I am a huge proponent of eating organic and my day job is actually working at an organic food restaurant. This song is particularly timely because the spending bill HR 933 which includes a “farmer assurance provision” (section 735) was signed in to law recently. Referred to as the “Monsanto Protection Act,” this provision was written with representatives from Monsanto and bars courts from restricting the use of GMO crops and seeds regardless of what new information comes to light about the harmful effects of GMOs.

There is a huge amount of information available about these issues.  If you are in to brevity, below are two articles that briefly explain the bill in question and how the Monsanto Protection Act became a part of it.   For now, I am going to continue working on my own organic garden.  The baby I was pregnant with when I wrote this song is now two, and is a great gardening assistant.   He picks out all the rocks and gives the worms plenty of love.  These are my small ways of telling Monsanto to suck it.

Monsanto Protection Act: 5 Terrifying Things To Know About the HR 933 Provision

How the Monsanto Protection Act Snuck in to Law

Song Portrait #2: Medusa

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This is the song that started my series of mythology songs. I have been intrigued by the character of Medusa for a long time. Twice I have spent a good chunk of the afternoon entwining rubber snakes in my hair to dress up as Medusa for Halloween. I guess I really am a snake lady. The process of researching the myth and writing the song was so interesting and enjoyable that I decided to write an entire series of songs based on Greek and Roman mythology.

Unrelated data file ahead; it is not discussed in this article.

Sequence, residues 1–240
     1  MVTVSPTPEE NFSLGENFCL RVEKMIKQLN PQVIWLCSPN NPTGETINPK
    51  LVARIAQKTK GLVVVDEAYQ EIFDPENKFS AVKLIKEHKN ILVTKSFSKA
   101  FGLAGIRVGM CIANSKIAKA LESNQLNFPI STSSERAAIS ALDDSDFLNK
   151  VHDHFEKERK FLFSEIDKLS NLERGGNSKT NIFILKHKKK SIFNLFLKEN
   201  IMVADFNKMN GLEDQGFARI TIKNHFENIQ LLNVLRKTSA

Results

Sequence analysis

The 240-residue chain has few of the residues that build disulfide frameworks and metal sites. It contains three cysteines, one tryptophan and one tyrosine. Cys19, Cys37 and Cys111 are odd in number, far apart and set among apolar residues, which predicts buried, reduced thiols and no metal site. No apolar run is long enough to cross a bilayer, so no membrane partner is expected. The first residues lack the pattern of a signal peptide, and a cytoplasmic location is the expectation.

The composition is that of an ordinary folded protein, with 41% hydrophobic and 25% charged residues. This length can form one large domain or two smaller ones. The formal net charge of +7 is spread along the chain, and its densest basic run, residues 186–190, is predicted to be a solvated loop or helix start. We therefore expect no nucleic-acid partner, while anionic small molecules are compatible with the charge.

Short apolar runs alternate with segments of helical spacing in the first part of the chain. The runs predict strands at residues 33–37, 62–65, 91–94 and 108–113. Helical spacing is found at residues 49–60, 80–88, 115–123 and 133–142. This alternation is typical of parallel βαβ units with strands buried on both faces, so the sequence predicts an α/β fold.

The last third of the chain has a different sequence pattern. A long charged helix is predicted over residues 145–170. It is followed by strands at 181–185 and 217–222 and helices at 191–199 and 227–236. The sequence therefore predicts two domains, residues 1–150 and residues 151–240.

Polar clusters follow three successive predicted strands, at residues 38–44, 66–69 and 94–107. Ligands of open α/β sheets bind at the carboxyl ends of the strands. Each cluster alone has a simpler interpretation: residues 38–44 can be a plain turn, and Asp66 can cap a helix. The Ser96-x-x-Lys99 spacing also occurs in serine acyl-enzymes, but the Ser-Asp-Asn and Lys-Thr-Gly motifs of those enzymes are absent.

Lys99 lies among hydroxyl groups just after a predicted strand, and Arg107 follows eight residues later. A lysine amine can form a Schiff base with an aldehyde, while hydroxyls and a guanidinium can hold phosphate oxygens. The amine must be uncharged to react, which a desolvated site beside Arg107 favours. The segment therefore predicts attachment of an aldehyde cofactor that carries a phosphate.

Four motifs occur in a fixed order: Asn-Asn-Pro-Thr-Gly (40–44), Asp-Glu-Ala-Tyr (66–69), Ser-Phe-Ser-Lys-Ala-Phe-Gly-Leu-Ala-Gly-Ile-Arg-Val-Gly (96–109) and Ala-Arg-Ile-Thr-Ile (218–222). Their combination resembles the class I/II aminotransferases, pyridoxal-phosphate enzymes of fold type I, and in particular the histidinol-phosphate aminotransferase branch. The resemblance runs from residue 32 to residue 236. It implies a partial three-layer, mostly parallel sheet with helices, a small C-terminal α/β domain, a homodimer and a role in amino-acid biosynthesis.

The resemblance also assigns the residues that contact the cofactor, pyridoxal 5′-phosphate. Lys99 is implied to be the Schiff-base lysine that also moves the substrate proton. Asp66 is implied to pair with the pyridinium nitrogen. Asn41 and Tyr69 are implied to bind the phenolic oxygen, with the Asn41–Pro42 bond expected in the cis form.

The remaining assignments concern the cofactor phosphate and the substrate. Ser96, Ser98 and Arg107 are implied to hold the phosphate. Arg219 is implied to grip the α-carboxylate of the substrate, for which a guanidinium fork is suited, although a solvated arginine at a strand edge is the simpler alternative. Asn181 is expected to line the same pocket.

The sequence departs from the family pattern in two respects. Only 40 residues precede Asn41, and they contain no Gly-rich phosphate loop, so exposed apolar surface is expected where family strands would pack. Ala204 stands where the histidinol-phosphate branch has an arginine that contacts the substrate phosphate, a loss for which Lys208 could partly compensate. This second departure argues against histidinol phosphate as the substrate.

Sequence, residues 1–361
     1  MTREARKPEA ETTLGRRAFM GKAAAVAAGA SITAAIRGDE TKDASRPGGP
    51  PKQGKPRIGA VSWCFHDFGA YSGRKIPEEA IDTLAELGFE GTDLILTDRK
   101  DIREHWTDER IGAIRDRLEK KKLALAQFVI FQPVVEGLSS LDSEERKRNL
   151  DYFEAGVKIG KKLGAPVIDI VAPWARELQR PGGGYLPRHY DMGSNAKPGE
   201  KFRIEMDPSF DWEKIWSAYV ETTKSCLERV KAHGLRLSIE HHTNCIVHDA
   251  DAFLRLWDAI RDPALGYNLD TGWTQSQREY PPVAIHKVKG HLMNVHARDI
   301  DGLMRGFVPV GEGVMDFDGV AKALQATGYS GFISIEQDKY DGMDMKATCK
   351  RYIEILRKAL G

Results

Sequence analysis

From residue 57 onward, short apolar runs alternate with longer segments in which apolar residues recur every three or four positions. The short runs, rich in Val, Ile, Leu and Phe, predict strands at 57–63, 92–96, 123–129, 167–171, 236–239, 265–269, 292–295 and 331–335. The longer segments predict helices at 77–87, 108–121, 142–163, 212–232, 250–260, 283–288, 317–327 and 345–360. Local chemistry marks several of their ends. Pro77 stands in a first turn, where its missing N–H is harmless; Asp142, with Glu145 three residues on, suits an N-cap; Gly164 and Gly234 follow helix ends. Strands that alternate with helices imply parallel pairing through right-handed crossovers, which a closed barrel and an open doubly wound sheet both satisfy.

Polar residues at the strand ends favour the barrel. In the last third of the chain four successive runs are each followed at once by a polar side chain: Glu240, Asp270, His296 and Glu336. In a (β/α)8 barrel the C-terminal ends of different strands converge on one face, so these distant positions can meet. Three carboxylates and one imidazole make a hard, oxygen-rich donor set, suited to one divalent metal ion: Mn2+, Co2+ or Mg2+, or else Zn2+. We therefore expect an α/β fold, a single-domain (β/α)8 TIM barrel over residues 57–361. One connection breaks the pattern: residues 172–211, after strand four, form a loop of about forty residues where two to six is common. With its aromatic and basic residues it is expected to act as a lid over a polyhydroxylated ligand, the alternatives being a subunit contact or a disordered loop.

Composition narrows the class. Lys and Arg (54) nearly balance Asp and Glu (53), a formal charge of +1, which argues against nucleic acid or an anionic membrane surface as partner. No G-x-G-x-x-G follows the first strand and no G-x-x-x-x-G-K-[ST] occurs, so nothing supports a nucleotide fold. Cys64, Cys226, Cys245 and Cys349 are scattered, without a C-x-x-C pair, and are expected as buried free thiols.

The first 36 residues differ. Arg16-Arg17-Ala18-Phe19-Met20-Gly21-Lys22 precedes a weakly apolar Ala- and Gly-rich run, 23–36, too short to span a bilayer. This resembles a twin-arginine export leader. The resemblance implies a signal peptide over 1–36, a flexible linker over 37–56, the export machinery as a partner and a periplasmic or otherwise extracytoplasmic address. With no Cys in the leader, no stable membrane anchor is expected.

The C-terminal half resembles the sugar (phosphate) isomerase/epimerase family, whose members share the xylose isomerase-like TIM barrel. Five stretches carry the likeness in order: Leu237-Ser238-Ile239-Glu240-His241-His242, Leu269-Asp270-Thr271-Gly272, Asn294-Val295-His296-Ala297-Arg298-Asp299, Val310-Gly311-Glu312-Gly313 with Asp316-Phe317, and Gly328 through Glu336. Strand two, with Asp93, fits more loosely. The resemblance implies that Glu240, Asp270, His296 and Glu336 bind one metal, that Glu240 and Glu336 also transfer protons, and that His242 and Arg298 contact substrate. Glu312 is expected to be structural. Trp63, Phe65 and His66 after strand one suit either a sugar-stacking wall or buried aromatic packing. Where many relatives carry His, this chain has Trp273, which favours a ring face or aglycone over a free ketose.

I love these stories because the characters and the lessons are so universal and timeless. It was also interesting to revisit many of these stories as an adult. When we learn myths and fairy tales as children a whole lot of sex and violence is left out – and it should be. Just last week I checked out a children’s version of Snow White from the library. Upon reading it, I decided it was too scary for my toddler. It was, by far, not the most brutal version of the story.

Medusa’s story is particularly brutal, making the children’s version one of many misconstrued details and omissions. I have heard two of these versions. In one, Medusa is an extremely vain woman and Athena punishes her by turning her in to a hideous monster. The moral of the story is that beauty is temporary and skin deep. There is another junior version of the story that is not so kind to Athena. In this version Athena is in love with Poseidon and Poseidon is more interested in Medusa. Athena turns the beautiful Medusa into a hideous monster out of vengeance.

When I revisited this story I found that there are many variations. The following is the version I based the song on:

Medusa was an extremely beautiful woman who was pursued by many men. Despite her line of admirers, she chose a life of service as a priestess in the temple of Athena. Poseidon, the god of the sea, was attracted to her. She rejected him. She was then raped and impregnated by Poseidon. Athena was furious. Fornication was a violation of sacred service, and by some accounts Athena was in love with Poseidon. Either way, Medusa was the one who was punished. Athena turned her in to a hideous monster with hair made of venomous snakes. Anyone who looked directly at her would be turned to stone.

Ultimately Medusa’s secluded and lonely life was ended when she was slain by Perseus. With the aid of Hermes’ winged sandals, Hades’ cap of invisibility, and a mirrored shield provided by Athena, Perseus beheaded and killed Medusa. When she was beheaded , her fully grown offspring, a unicorn and giant warrior named Chrysaor, sprung out of her neck. The head of Medusa was given to Athena and attached to her shield. The head continued to turn onlookers in to stone.

Medusa’s name means “guardian” or “protectress”. The timeless and universal question in Medusa’s story is that of victim or villain. In my song she is clearly a victim. The relationship between her and Athena is that of women perpetuating a cycle of victimization instead of empowering each other. I could go on for a long time (a really long time……) about the symbolism in this song, how timely it is, how it relates to my own life, and meanings of specific word choices – but I am going to just shut up and let the song speak for itself. Enjoy!